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News Release
November 24, 2021

Doctors call for end to rising bullying and attacks in-person and online

TORONTO, Nov. 24, 2021 — Doctors are calling for an end to the bullying, attacks and threats of violence many on health care’s front lines have been subjected to throughout the pandemic, and which have escalated to new levels as vaccine mandates are being enforced and shots have been available to children.

“At the Ontario Medical Association, we strongly condemn threatening or bullying behaviour toward physicians and others who are trying to keep us all safe,” Dr. Adam Kassam, OMA president and a Toronto physiatrist, said at the Ask Ontario’s Doctors: Respecting health care’s front lines media briefing held today by the Ontario Medical Association.

“And, we have joined with doctors across Canada in calling for the bullying, attacks and violence against health workers to stop. No matter what the reason behind the abuse, none of it is right. And none of it is acceptable.”

Doctors are reporting that the opening of COVID-19 vaccinations for children ages five to 11 has sparked increased anger among some people.

Public health units across Ontario have been advised to have a police presence or nearby availability at all pediatric clinics, said Dr. Paul Roumeliotis, who is a pediatrician and Medical Officer of Health and CEO of the Eastern Ontario Health Unit. He is also president of the Association of Local Public Health Agencies. 

The Canadian Medical Association is calling for safe zones around hospitals and other health settings where patients seek the care they need and where health-care professionals work.

It has called for amendments to the Criminal Code that would make it a criminal offence to threaten or harassment health workers physically or online.

“At the CMA, we’re asking for the federal government to make good on their promise to enact legislation to specifically protect health-care workers from violence and harassment both in person and online,” said Dr. Katherine Smart, president of the Canadian Medical Association and a pediatrician in Whitehorse, Yukon.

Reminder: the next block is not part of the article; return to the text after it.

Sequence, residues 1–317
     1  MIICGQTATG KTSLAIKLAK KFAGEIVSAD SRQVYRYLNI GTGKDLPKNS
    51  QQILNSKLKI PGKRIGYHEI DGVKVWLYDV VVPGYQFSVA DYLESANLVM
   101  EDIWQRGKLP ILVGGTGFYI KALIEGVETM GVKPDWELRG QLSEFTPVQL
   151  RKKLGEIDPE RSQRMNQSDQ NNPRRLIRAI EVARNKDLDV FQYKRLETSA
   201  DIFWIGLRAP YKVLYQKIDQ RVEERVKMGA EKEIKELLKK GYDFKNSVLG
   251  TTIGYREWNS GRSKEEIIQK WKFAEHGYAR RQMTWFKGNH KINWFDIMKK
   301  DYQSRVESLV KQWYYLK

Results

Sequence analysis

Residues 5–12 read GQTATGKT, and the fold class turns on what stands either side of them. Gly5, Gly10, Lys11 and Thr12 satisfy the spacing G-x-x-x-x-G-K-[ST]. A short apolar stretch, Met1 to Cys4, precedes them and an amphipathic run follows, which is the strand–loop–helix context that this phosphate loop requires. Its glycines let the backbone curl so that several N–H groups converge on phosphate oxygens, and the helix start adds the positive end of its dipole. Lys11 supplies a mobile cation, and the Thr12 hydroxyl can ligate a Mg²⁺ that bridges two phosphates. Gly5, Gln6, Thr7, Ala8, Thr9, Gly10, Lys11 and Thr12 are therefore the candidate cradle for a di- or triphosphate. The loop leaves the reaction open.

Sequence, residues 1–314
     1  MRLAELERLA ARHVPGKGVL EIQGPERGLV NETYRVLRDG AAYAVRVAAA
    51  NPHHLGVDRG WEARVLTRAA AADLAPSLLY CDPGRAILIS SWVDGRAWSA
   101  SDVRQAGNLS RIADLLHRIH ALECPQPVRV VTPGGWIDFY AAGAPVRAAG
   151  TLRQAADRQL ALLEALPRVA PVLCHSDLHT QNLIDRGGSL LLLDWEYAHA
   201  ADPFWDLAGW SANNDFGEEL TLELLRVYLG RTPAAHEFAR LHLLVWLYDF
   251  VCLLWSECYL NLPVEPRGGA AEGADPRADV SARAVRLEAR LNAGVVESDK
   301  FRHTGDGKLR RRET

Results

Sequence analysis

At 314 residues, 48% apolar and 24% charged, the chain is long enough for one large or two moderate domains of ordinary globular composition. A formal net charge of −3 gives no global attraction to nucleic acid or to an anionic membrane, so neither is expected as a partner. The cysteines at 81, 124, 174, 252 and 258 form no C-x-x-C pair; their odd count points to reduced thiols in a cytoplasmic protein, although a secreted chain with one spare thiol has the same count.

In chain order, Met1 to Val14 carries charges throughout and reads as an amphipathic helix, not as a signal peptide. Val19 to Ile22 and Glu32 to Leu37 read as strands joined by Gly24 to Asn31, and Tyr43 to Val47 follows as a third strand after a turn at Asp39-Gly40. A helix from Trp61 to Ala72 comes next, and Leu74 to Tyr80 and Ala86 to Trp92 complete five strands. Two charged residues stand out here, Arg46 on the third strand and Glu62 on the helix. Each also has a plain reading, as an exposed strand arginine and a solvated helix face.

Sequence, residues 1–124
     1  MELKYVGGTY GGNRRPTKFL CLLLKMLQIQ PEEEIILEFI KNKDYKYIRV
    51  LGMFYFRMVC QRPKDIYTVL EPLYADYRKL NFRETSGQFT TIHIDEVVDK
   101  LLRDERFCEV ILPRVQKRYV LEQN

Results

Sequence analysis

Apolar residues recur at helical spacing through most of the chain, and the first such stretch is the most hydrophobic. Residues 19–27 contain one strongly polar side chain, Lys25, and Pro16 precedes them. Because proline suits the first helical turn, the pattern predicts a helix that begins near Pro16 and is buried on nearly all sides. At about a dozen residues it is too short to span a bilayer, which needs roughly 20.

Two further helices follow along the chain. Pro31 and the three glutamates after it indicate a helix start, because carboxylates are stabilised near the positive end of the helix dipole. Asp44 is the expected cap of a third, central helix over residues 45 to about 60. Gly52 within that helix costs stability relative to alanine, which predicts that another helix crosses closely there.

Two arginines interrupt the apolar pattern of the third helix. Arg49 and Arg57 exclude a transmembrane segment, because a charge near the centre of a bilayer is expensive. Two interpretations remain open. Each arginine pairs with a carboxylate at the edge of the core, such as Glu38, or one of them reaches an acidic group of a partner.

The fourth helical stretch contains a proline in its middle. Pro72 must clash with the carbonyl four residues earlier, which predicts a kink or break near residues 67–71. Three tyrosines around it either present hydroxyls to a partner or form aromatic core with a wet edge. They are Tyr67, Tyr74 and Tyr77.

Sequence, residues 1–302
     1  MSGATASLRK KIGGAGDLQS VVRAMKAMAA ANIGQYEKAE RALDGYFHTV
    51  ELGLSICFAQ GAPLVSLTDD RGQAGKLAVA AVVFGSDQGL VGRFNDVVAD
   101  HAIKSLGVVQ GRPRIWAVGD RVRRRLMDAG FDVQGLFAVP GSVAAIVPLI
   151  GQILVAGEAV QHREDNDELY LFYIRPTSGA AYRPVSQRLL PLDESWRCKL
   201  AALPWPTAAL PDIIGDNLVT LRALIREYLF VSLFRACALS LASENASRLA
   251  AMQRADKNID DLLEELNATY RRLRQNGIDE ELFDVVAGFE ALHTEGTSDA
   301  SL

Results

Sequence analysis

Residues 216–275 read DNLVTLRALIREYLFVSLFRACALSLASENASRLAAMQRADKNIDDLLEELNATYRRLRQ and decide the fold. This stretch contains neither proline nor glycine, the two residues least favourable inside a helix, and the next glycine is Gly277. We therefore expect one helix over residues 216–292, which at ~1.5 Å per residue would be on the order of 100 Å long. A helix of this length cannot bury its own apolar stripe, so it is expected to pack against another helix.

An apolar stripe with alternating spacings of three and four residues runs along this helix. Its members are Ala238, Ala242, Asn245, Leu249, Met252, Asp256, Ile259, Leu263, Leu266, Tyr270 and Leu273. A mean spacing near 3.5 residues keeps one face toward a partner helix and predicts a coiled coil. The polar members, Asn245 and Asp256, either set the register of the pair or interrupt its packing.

“We’ve also reached out to social media platforms to let them know we do not feel the platforms right now are adequate from a safety perspective in terms of ensuring that this type of violence isn’t propagated.”

Dr. Smart said it’s also unacceptable that physicians and patients are being harassed as they make their way into hospitals. She said inside hospitals, some patients who have the deadly virus are being abusive to health-care workers as they receive their diagnosis.

“We’re seeing protests outside hospitals ... and then violent behaviour inside hospitals as people very sick, often with COVID, are refusing to believe that’s what’s going on and lashing out against the health-care providers trying to help them.”

Dr. Jennifer Kwan, a family physician in Burlington, Ont., and a health-care advocate with an online presence, said the abuse directed at her has been “hateful, sexist and racist.”

“I did not expect that asking people to wear masks during a pandemic would be so divisive and controversial,” she said.

Doctors described how the public backlash is contributing to burnout among physicians and other health-care workers, which was already on the rise as a result of the pandemic’s pressures.


About the OMA

The Ontario Medical Association represents Ontario’s 43,000 plus physicians, medical students and retired physicians, advocating for and supporting doctors while strengthening the leadership role of doctors in caring for patients. Our vision is to be the trusted voice in transforming Ontario’s health-care system.